Wine Time

Wine of the Week: The Other Burgundy

Sunday night at our house means sexy vampires and crochety Jews on television (read "True Blood" and "Curb Your Enthusiasm") -- an odd pair, no doubt! And T.V. night at our house means home cooking (even though we've been eating in most nights since we got pregnant, if not to save money than to make sure that Tracie P and Baby P are eating well).

Last night Tracie P made the arugula, radicchio, and endive salad, and I made one of my favorite comfort-food dishes, Risotto alla Parmigiana (above): Parma-style rice (in this case Arborio because Central Market didn't have any Carnaroli), prepared with a tablespoon of finely chopped white onion sautéed in unsalted butter, chicken stock, a half cup of white wine, and generous amounts of freshly grated Parmigiano Reggiano (the real stuff and ALWAYS freshly grated).

For the wine pairing, I reached in the fridge and grabbed a bottle of 2007 Aligoté -- the other Burgundian white grape -- by Domaine Michel Lafarge. (I picked up this little gem for less than $20 at Richard's on Kirby and Westheimer; ask for Jonathan.)

"Aligoté is a resistant grape which crops well," writes dismissively the world's leading expert on Burgundy, Clive Coates, Master of Wine, in the Encyclopedia of the Wines and Domaines of France (University of California Press 2000). It produces "a light, primeur-style wine with a slightly herbal flavour and rather higher levels of acidity." (By "primeur-style" he means a wine intended to be drunk young.)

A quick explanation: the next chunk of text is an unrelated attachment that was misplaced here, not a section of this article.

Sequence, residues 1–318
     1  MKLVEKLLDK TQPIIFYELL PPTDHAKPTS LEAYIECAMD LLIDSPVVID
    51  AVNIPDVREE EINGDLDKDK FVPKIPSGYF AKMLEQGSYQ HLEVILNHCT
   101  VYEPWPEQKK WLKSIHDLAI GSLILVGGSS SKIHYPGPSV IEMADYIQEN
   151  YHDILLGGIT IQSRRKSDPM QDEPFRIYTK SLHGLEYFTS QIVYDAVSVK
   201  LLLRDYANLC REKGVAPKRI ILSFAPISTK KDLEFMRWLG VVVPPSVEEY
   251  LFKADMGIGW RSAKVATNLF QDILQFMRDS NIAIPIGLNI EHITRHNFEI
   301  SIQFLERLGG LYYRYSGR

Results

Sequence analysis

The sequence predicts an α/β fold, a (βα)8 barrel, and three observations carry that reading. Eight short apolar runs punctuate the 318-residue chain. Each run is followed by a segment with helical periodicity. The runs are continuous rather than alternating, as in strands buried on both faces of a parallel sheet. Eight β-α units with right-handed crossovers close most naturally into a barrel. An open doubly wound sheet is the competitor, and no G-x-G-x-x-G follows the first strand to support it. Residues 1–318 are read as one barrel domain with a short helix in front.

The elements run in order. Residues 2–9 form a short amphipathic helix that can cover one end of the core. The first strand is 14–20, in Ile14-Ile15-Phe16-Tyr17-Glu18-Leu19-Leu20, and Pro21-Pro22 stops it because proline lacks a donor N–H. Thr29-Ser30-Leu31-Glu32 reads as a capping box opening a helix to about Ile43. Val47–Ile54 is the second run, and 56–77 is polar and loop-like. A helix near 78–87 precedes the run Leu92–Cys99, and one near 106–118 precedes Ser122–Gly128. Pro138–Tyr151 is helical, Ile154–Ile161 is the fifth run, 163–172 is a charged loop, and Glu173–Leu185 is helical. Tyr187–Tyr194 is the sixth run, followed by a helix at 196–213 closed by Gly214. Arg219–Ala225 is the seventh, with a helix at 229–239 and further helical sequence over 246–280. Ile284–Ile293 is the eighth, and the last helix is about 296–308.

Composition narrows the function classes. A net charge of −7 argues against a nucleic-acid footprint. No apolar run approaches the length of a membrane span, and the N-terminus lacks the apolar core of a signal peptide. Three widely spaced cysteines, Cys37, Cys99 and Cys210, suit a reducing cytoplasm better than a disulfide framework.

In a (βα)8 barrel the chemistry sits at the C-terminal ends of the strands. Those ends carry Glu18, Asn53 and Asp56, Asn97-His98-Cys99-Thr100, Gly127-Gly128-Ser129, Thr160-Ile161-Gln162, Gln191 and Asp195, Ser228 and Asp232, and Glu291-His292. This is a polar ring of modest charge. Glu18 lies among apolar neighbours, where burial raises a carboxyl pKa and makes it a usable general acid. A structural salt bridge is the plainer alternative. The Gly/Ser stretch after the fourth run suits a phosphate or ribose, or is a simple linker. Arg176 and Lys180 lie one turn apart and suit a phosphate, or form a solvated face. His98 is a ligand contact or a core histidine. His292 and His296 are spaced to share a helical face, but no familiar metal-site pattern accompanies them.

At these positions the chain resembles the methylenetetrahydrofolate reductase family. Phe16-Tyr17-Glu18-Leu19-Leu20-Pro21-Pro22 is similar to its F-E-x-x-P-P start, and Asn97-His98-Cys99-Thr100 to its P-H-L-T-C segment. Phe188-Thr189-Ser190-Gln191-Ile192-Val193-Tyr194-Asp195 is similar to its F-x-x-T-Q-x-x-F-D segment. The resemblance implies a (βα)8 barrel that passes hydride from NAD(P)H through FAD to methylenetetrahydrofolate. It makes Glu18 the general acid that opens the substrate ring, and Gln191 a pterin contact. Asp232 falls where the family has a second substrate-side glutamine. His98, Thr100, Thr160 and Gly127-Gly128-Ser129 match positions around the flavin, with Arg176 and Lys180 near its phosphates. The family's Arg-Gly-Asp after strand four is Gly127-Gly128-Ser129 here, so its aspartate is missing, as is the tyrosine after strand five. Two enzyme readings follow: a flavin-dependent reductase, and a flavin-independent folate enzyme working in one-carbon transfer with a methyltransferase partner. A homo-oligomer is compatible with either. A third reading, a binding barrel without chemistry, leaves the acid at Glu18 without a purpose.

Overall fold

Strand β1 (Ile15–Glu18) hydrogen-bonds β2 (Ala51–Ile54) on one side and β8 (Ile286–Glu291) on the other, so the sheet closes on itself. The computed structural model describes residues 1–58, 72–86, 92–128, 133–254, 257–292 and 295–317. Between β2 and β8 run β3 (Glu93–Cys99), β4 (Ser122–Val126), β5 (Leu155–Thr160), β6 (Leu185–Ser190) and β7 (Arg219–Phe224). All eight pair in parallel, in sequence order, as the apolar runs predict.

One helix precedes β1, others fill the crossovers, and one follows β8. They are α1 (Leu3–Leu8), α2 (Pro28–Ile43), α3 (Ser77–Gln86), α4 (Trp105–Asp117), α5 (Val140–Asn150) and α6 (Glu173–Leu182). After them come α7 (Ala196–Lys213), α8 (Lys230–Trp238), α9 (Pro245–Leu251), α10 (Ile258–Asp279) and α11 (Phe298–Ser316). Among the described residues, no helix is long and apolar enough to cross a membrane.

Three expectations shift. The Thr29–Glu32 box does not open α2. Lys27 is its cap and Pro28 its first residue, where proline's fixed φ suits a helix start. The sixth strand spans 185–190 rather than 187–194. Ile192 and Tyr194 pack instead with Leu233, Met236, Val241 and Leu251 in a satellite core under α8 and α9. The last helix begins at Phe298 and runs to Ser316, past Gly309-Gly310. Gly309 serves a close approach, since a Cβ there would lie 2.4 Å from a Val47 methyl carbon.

As Coates notes, Aligoté has been largely abandoned by Burgundy producers, who favor the much more lucrative Chardonnay (thank you, America!). But there are still a few producers who make outstanding wines from this variety, including Michel Lafarge who issues what is perhaps the most famous bottling of Aligoté (Mikulski is another favorite of mine).

In the case of Lafarge's raisins dorés or "golden grapes" label, the fruit is sourced from a vineyards where "very old vines" produce "small[er-sized] grapes" that are allowed to reach full ripeness (read late harvest), according the winery's website. The resulting wine has a nuanced richness and slight sweetness uncommon for Aligoté. Where acidity (that magic word!) tends to dominate most bottlings of Aligoté, here it sits in glorious balance with beautiful stone fruit (think apricot and peach) flavors.

At four years out, the 07 Lafarge Raisins Dorés is probably a little bit past its prime but this wine is still singing with flavor. It was fantastic with the richness of the Parmigiano Reggiano in the rice and at less than $20 a bottle, we can afford to drink "the other Burgundy."

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Jeremy Parzen writes about wine and modern civilization for the Houston Press. A wine trade marketing consultant by day, he is also an adjunct professor at the University of Gastronomic Sciences in Piedmont, Italy. He spends his free time writing and recording music with his daughters and wife in Houston.
Contact: Jeremy Parzen